Visual perception involves gathering of visual information from the environment and integrating that information with our own senses. It is recognizing and organizing what is seen in the surrounding and integrating it with our past experiences and other senses like hearing, touching, smelling, balance, movement, and with higher cognitive functions like memory and problem solving, so that we can get meaning and make sense of the experience. It basically refers the the brain’s ability to make sense of what the eyes see.
85% of classroom learning come through the visual system. Visual perceptual processing is critical to learning. Good visual perceptual skills are essential for reading, writing, completing math problems, as well as many other skills like giving or getting directions, copying from the board or from a book, visualizing objects or past experiences, remembering things visually, having good eye-and coordination, integrating visual information with our other senses to do things like ride a bike, play ball, or hear a sound and be able to visually recognize where it is coming from (like a fire engine), just to name a few. A child with visual perceptual difficulties may be able to easily read an eye chart (acuity) but have difficulty organizing and making sense of visual information. In fact, many children with visual processing disorders have good acuity (i.e., 20/20 vision).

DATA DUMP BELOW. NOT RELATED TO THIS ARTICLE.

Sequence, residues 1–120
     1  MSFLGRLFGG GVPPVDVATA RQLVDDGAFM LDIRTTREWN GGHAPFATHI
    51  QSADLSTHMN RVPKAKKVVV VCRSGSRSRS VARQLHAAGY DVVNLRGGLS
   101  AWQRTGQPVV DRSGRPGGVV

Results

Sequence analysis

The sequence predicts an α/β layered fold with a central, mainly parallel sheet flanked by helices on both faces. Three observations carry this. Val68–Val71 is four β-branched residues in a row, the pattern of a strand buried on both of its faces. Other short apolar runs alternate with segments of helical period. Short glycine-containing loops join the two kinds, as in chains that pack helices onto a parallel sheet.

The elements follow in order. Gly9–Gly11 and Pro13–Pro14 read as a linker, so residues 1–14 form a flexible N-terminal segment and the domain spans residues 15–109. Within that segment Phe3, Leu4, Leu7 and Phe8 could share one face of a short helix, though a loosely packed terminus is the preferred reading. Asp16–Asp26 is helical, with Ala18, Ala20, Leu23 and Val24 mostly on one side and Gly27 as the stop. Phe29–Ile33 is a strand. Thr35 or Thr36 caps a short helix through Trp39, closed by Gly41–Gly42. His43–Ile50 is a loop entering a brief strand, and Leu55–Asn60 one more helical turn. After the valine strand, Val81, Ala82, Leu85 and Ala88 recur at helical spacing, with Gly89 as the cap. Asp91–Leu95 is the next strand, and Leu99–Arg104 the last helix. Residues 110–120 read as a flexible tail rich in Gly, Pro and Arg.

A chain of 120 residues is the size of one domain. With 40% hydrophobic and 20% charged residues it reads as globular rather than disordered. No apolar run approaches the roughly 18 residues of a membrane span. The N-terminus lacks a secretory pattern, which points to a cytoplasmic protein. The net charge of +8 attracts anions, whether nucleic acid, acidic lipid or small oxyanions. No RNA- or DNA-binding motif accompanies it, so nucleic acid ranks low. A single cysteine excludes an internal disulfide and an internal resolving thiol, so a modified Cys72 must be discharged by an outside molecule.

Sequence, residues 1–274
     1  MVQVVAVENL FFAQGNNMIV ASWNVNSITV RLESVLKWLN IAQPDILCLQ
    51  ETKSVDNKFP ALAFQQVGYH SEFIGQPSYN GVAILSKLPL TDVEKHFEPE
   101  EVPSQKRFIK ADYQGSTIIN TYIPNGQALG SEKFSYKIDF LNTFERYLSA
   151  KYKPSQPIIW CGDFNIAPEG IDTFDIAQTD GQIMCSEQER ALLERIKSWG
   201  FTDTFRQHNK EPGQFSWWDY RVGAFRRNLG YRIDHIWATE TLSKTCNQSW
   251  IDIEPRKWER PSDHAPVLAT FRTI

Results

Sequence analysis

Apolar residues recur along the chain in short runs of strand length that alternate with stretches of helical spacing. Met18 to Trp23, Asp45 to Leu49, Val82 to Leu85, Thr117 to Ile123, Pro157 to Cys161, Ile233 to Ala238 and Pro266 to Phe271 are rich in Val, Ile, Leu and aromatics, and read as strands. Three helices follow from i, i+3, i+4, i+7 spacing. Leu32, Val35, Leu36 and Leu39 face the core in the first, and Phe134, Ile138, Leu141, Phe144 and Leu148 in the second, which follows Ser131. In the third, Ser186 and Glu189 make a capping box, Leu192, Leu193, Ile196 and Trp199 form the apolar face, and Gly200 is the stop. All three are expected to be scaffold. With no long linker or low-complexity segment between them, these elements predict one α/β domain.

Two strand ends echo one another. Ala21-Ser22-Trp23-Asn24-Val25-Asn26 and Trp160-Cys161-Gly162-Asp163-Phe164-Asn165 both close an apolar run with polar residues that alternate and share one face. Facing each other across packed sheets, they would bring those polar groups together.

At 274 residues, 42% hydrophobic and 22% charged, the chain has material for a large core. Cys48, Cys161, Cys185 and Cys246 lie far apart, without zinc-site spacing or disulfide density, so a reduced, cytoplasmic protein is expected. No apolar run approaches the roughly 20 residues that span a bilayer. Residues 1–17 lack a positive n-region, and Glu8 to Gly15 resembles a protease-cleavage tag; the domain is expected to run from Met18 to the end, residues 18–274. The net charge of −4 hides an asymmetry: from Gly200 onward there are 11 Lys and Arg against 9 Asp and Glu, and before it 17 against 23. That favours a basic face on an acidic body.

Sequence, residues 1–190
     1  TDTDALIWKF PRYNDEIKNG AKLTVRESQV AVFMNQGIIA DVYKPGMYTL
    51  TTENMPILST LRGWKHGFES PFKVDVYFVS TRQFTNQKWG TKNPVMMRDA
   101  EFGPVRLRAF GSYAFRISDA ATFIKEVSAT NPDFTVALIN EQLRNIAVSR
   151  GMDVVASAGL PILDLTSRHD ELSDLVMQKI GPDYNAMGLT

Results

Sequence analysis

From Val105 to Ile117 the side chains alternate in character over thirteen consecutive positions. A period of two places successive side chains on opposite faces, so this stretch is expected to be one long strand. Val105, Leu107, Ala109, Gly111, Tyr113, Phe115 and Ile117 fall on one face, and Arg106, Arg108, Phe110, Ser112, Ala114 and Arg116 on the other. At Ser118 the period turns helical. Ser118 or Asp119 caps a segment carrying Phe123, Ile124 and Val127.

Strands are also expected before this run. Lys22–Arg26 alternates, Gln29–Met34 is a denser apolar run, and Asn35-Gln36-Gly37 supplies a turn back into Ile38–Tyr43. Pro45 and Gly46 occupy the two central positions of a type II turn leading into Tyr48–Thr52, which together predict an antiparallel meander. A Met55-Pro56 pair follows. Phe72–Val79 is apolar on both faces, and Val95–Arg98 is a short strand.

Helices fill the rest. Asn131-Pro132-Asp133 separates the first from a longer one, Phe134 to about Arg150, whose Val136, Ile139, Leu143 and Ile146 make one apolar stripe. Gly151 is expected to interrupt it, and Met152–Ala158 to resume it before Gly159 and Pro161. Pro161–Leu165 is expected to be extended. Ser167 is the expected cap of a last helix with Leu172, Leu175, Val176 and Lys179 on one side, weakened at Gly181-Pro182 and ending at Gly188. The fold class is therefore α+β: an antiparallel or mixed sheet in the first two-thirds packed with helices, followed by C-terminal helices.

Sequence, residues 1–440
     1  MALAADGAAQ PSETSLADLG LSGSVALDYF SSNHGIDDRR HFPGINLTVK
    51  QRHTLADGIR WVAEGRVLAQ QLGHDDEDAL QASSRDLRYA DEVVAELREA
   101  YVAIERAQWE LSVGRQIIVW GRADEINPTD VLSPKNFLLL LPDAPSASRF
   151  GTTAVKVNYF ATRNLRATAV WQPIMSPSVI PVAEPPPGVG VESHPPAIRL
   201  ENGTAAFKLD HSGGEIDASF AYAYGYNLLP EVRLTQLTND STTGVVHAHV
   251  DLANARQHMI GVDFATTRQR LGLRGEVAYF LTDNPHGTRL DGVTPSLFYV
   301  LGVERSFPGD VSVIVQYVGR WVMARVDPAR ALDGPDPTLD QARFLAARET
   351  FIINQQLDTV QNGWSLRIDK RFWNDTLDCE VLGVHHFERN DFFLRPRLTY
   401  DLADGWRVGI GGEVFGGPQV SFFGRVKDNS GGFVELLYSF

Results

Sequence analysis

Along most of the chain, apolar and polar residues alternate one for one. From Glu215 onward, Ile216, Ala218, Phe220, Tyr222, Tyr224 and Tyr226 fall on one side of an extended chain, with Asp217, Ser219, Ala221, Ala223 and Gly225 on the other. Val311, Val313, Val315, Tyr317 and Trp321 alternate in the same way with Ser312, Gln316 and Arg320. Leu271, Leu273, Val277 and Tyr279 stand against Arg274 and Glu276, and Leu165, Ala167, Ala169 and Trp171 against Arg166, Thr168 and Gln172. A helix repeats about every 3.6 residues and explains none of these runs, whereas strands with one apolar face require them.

Visual perceptual skills are developed and learned over time, just like learning to walk and talk. It starts from birth and continues throughout life. If these skills are not developed well, this can lead to potential learning and reading problems down the road.
Some of the signs and symptoms are:
- Tire easily.
- Squint, rub, or have watery eyes while reading/writing/copying from the board.
- Lose his/her place when reading.
- Complain of double vision and headaches.
- Have crossed or drifting eyes past six months of age.
- Have difficulty moving eyes together or individually.
- Omit, substitute, repeat, or confuse similar words.
- Have difficulty with sizing, spacing, or copying written words.
- Confuse left/right directions, reversing letters and numbers.
- Have poor posture during writing/reading assignments
- Have eye-hand coordination problems (e.g., shoe tying, buttons, participating in sports activities).
If you observe one or more of the symptoms above from your child, make an appointment for your child with our optometrist who has specialized training in assessing children with visual perception problems. Ninety percent of individuals who have difficulties with their visual skills are never diagnosed! Our optometrist conducts an evaluation to figure out whether glasses, vision therapy, and/or an occupational therapy referral are necessary for the child to meet academic success.